From the medical front, the big news to come out of Athens is the possible expulsion of the two Greek "hero-status" athletes, runners Kostadinos Kenteris and Ekaterini Thanou, who did not report for their doping control test. "The disappointment experienced by the Greek team is palpable here with many of the Greek athletes refusing to talk about it," says UCT's Assoc Prof Wayne Derman, chief medical officer for the South African Olympic team, from Greece. Then late last week, it was reported that five weightlifters - six according to an unnamed insider - had failed drugs tests before the Olympics, and were likely to be shipped home. Derman and his team were busy with their own drug-related, although less scandalous, issues.
This included getting therapeutic-use exemption certificates, for the use of asthma pumps, for four SA athletes who suffer from the condition. The four underwent sophisticated lung-function tests, and all their applications were approved. The SA team also had to apply for an exemption for each medical agent containing cortisone, including ointments, creams, ear and eye, or nose drops. "It's getting harder to practice sports medicine in this setting with so many tough rules and regulations," quipped Derman.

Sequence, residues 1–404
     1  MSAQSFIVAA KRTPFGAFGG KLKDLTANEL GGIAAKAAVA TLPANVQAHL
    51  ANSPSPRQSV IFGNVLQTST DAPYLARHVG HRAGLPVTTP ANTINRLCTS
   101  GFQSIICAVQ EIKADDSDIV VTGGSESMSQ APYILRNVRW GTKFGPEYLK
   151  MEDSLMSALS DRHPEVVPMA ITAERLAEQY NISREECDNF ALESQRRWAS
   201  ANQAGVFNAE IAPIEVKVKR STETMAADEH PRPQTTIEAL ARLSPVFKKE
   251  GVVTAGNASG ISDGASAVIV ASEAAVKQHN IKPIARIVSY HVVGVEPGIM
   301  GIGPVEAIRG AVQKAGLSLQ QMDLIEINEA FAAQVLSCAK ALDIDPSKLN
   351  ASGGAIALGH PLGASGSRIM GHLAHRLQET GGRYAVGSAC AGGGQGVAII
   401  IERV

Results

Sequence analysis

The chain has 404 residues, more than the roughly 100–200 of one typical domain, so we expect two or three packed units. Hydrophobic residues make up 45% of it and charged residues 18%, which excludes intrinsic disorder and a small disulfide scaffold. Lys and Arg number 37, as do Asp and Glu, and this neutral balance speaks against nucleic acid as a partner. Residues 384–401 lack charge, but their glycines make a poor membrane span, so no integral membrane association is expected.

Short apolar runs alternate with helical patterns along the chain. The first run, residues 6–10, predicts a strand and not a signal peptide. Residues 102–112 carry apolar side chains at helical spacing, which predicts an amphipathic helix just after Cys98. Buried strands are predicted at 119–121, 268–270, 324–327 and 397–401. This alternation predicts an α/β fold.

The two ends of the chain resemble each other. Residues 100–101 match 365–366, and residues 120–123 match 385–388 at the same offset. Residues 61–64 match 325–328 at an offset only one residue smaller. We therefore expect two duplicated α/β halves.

After an inspired 2-1 win over Argentina, the SA men's hockey team, number 13 in the world, suffered two last-ditch defeats against India (2-4) and the Netherlands (2-3) last week. "We were within a minute-and-a-half of pulling off something special against a higher-ranked team than us, and we let it slip," commented UCT graduate and squad member Ian Symons after the India heartbreak. But despite the setbacks, off-time remains a pleasure in Athens and the Olympic Village, noted Symons. "Every convenience just seems to be laid out before the athletes." Symons is also doing plenty of stargazing - he rode a bus with Pieter van den Hoogenband, Michael Klim and Grant Hackett; attended with the rest of the SA team a workshop presented by legend Michael Johnson ; and shared breakfast with gold-medallists Ryk Neethling and Roland Schoeman.
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